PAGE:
Fig. 2

Expression patterns of major satellites in tumors and normal mouse tissues. Northern blot analyses: (A) Three KrasG12D, Tp53lox/+ pancreatic primary tumors (Tumors 1 to 3) and a stable cell line (CL3) derived from Tumor 3. (B) CL3 before (0) and after (+) treatment with AZA. (C) CL3 cells cultured in vitro and grown as subcutaneous tumors in vivo. (D and E) RNA-ISH with major satellite probe (purple stain): (D) Normal pancreas, primary PDAC, and liver metastasis. (E) Preneoplastic low-grade PanIN (LP) lesion adjacent to high-grade PanIN (HP) and normal pancreas (N). Higher magnification (400×) of inset low-grade (left) and high-grade (right) PanIN lesions. All images are at 200× magnification (scale bar, 100 μm).

RNA in situ hybridization (RNA-ISH) showed high levels of mouse major satellite expression in all cells within primary tumors and metastases (Fig. 2D). Notably, elevated satellite expression was evident in early preneoplastic low-grade pancreatic intraepithelial neoplasia (PanIN), and it increased further upon transition to high-grade PanIN (Fig. 2E). Clearly defined metastatic lesions to the liver were strongly positive by RNA-ISH, as were small clusters of PDAC cells within the liver parenchyma, that otherwise would not have been detected by histopathological analysis (fig. S2). Low-level diffuse expression was evident in mouse embryonic liver and lung (fig. S3), but no normal adult or embryonic tissues demonstrated satellite expression comparable to that in tumor cells.

To investigate whether human tumors also overexpress satellite ncRNAs, we extended the DGE analysis to various human malignancies with a particular focus on PDAC. We first measured the total amount of all satellite transcripts: Analysis of 15 PDACs showed a median 21-fold increased expression compared with normal pancreas, but some other normal human tissues also had measurable levels of total satellite expression (fig. S4 and table S3). However, subdivision of human satellites among their multiple classes (4) revealed major differences between tumors and all normal tissues (Fig. 3A). The greatest differential expression in cancer was in the pericentromeric satellite HSATII (mean 2416 tpm; 10.3% of satellite reads), which was undetectable in normal human pancreas and had minimal expression in other normal tissues (131-fold differential expression; Fig. 3, A and B). In contrast, normal tissues had a high representation of GSATII, beta satellite (BSR), and TAR1, although these satellite classes constitute a small minority of satellite reads in pancreatic cancer. The most abundant class of normally expressed human satellites, alpha (ALR) (12), was expressed at 294 tpm in normal human pancreas, but constituted on average 12,535 tpm in PDACs (60.3% of satellite reads; 43-fold differential expression). Thus, whereas the overexpression of human ALR was comparable to that of mouse major satellites, the less abundant HSATII showed exceptional specificity for human PDAC. High levels of HSATII were also observed in other human cancers, including lung (2 of 2), kidney (2 of 2), ovarian (2 of 2), and prostate (3 of 3), indicating that this may be a shared feature of various carcinomas (mean 2820 tpm; Fig. 3B).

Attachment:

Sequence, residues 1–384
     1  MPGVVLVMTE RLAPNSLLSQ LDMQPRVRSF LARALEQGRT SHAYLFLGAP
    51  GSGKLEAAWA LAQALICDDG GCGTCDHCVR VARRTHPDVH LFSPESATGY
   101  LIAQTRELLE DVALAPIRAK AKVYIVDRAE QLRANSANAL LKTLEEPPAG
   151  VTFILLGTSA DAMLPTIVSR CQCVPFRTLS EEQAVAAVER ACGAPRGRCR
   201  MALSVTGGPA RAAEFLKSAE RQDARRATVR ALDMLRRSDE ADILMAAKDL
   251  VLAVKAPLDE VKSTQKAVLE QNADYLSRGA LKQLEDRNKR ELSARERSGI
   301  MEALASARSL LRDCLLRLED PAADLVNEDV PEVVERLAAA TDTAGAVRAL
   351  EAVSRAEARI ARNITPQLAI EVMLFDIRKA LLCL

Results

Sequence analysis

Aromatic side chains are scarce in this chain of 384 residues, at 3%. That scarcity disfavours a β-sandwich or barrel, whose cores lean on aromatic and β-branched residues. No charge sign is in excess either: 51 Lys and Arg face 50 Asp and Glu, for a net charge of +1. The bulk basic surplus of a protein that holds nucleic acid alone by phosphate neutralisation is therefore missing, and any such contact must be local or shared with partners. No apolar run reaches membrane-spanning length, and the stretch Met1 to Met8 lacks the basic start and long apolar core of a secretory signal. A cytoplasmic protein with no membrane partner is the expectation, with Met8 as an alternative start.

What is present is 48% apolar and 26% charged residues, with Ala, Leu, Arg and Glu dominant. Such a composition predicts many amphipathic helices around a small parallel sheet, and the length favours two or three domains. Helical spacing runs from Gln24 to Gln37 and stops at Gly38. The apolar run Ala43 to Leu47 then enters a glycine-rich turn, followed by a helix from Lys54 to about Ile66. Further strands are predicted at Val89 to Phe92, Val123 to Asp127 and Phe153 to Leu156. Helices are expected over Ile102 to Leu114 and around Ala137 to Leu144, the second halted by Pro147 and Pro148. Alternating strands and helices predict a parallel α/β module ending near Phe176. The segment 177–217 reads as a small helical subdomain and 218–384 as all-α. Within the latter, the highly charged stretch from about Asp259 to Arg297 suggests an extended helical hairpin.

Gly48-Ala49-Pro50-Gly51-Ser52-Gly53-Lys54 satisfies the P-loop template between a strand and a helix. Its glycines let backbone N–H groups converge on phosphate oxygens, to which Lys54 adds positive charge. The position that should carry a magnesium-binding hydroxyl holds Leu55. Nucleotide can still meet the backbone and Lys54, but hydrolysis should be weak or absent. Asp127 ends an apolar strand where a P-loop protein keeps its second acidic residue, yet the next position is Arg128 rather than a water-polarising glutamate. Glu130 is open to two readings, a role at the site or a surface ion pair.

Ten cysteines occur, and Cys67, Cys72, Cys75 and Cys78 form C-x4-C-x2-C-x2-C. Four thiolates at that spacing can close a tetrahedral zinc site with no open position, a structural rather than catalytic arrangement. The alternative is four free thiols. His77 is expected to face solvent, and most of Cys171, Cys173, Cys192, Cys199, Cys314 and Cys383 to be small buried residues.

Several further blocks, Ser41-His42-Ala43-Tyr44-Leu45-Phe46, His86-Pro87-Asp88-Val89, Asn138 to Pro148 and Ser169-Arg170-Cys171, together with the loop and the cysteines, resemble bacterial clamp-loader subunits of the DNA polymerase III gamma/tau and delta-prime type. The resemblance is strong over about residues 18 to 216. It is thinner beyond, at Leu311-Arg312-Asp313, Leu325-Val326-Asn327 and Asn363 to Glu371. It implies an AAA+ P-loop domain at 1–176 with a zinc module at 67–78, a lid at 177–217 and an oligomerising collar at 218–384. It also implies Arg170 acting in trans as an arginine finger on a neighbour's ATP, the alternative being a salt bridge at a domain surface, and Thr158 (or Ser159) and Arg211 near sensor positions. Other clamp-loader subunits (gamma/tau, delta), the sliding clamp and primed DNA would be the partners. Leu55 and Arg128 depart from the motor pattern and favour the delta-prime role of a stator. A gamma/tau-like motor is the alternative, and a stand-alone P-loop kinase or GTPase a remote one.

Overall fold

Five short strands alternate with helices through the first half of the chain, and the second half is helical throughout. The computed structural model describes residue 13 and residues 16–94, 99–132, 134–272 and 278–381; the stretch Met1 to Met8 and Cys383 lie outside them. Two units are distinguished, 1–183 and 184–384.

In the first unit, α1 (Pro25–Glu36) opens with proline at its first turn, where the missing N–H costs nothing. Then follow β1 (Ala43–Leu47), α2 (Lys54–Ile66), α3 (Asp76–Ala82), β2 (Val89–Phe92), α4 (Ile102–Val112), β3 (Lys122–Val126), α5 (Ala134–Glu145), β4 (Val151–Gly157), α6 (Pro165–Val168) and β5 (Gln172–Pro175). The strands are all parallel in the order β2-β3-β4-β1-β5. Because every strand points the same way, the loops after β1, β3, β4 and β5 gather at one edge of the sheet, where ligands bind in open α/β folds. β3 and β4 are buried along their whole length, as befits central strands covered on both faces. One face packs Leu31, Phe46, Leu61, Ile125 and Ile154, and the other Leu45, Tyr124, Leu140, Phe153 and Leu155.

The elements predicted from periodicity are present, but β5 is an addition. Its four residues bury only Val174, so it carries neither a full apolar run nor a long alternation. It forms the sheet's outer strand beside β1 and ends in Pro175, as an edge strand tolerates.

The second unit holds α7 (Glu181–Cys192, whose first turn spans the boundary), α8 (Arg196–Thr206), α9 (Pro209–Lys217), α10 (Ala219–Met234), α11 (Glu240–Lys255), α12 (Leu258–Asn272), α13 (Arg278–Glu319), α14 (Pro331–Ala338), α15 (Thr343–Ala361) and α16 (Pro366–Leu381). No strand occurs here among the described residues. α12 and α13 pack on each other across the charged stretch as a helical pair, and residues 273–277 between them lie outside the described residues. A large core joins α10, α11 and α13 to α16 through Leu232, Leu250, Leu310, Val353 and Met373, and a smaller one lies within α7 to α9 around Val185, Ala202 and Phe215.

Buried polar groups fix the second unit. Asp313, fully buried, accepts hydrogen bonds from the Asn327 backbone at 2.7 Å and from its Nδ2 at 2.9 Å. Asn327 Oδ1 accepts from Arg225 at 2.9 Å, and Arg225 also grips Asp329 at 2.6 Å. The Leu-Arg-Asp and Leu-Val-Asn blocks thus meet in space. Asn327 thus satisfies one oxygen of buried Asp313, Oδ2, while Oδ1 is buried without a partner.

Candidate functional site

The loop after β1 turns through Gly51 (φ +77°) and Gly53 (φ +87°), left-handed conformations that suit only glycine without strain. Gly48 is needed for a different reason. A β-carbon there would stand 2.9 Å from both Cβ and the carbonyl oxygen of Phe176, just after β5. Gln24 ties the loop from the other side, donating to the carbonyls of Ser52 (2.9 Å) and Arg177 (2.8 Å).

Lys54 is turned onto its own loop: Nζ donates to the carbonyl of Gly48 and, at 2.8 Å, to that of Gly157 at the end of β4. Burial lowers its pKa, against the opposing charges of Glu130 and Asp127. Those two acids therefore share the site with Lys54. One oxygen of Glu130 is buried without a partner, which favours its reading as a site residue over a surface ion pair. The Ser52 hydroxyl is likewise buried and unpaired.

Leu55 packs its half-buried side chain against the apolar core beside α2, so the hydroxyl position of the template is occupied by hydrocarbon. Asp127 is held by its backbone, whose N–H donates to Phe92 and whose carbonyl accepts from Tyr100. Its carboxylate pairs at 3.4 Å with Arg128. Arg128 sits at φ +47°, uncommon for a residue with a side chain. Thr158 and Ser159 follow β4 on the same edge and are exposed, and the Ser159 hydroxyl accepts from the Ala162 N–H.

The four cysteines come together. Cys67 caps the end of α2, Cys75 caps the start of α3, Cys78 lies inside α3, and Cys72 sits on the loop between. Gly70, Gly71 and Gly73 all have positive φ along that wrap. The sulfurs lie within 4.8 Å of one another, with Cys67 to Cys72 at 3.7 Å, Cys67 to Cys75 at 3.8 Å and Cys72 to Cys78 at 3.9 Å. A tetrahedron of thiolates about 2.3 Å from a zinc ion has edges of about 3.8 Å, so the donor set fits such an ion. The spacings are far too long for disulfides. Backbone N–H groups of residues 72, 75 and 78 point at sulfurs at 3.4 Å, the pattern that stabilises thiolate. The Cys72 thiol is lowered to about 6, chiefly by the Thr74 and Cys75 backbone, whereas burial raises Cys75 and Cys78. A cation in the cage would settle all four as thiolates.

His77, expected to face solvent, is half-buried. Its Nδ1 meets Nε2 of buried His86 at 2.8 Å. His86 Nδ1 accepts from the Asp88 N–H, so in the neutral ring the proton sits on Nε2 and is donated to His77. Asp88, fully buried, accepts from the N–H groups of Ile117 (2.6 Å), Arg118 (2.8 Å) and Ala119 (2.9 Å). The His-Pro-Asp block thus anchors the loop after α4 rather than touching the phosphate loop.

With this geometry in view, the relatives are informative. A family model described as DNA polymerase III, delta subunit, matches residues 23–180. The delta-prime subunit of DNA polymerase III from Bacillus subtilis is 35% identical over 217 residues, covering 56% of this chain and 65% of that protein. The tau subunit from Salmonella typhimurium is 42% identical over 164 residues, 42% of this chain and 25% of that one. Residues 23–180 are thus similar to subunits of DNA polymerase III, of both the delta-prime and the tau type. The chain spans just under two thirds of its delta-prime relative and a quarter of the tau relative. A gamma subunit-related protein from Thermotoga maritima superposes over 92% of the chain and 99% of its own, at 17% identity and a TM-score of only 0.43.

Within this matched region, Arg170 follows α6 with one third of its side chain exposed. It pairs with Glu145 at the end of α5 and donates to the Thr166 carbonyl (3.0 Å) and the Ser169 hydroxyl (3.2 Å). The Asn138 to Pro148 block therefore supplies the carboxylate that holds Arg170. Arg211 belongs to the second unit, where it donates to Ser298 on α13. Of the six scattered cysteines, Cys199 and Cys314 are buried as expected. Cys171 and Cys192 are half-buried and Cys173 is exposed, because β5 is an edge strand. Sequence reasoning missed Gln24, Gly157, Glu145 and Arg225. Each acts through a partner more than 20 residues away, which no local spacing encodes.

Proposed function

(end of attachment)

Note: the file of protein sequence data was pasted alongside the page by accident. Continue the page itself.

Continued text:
Fig. 3

Overexpression of satellites in human cancers. (A) Breakdown of satellite classes as a percentage of total satellites in human PDAC (black, n = 15) and normal human tissues (white, n = 12). Satellites are ordered from highest in tumors to highest in normal tissue (left to right). Error bars represent SEM. Inset (bar graph, center) shows the differential expression of selected satellite classes enriched in cancer (left, black bars) or normal tissue (right, white bars). (B) HSATII expression in human PDAC, normal pancreas, other cancers (L, lung; K, kidney; O, ovarian; P, prostate), and normal human tissues (1, fetal brain; 2, adult brain; 3, colon; 4, fetal liver; 5, adult liver; 6, lung; 7, kidney; 8, placenta; 9, prostate; and 10, uterus) quantitated by DGE. Satellite expression is shown as transcripts per million (tpm) aligned to human genome. (C and D) RNA-ISH with HSATII probe (red stain): (C) human PanIN (P) and normal adjacent tissue (N). (D) EUS-FNA biopsy of confirmed tumor (T) and normal adjacent tissue (N). All images are at 200× magnification (scale bar, 100 μm).

RNA-ISH analysis of human tissues showed differential expression of HSATII in PDAC and PanIN (n = 4) compared to normal adjacent tissue as well as in chronic pancreatitis (n = 8) (Fig. 3C and fig. S5). When we applied this assay to clinical samples [endoscopic ultrasound-guided fine-needle aspirates (EUS-FNA) of pancreatic masses], HSATII-positive cells were identified in 10 of 10 cases confirmed to have pancreatic cancer at the time of surgical resection, including two cases in which the FNA histopathology was nondiagnostic (Fig. 3D). These initial results suggest that HSATII merits further study as a potential cancer biomarker.

To identify other transcripts co-regulated with satellites in tumors, we performed linear regression analysis in both mouse (major satellite) and human (ALR satellite) (fig. S6). Using a linear correlation cutoff of R > 0.85, we created two sets of highly correlative genes (mouse: 297 genes, table S4; human: 539 genes, table S5), which we refer to as satellite correlated genes (SCGs). Mouse and human SCGs were enriched for transposable elements, with the autonomous retrotransposon LINE-1 having the highest expression level in tumors (Fig. 4A). In addition to transposons, a subset of cellular mRNAs showed high correlation with the expression of satellites across diverse tissues. Absence of a shared transcriptional silencing mechanism may contribute to derepression of both LINE-1 and satellites, but the increased expression of diverse mRNAs is less readily explained. LINE-1 insertion upstream of transcriptional start sites of cellular transcripts has recently been implicated in gene regulation (1315), leading us to test the proximity of genomic LINE-1 insertions to the SCGs. In mouse, there was a marked correlation between SCGs and their distance to LINE-1 genomic insertions (Fig. 4B). A similar measurable effect was evident with human SCGs, albeit dampened most likely by the heterogeneity of LINE-1 insertions in the human genome (1618) (fig. S7). Together, these observations suggest that tumor-associated derepression of satellites is highly correlated with increased expression of LINE-1, along with a subset of cellular genes in close proximity to this retrotransposon.